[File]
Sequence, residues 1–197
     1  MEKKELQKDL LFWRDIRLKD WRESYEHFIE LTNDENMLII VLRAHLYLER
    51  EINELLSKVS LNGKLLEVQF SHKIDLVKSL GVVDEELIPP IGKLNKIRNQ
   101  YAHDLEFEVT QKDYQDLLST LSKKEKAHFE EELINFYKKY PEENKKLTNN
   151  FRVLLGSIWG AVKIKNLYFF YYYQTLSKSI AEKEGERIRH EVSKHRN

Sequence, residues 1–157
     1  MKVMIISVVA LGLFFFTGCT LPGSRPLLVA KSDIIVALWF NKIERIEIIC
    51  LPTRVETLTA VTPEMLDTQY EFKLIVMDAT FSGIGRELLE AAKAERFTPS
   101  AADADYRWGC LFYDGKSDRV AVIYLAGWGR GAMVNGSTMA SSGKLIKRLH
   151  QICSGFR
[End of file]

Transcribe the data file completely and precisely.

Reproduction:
Sequence, residues 1–197
     1  MEKKELQKDL LFWRDIRLKD WRESYEHFIE LTNDENMLII VLRAHLYLER
    51  EINELLSKVS LNGKLLEVQF SHKIDLVKSL GVVDEELIPP IGKLNKIRNQ
   101  YAHDLEFEVT QKDYQDLLST LSKKEKAHFE EELINFYKKY PEENKKLTNN
   151  FRVLLGSIWG AVKIKNLYFF YYYQTLSKSI AEKEGERIRH EVSKHRN

Sequence, residues 1–157
     1  MKVMIISVVA LGLFFFTGCT LPGSRPLLVA KSDIIVALWF NKIERIEIIC
    51  LPTRVETLTA VTPEMLDTQY EFKLIVMDAT FSGIGRELLE AAKAERFTPS
   101  AADADYRWGC LFYDGKSDRV AVIYLAGWGR GAMVNGSTMA SSGKLIKRLH
   151  QICSGFR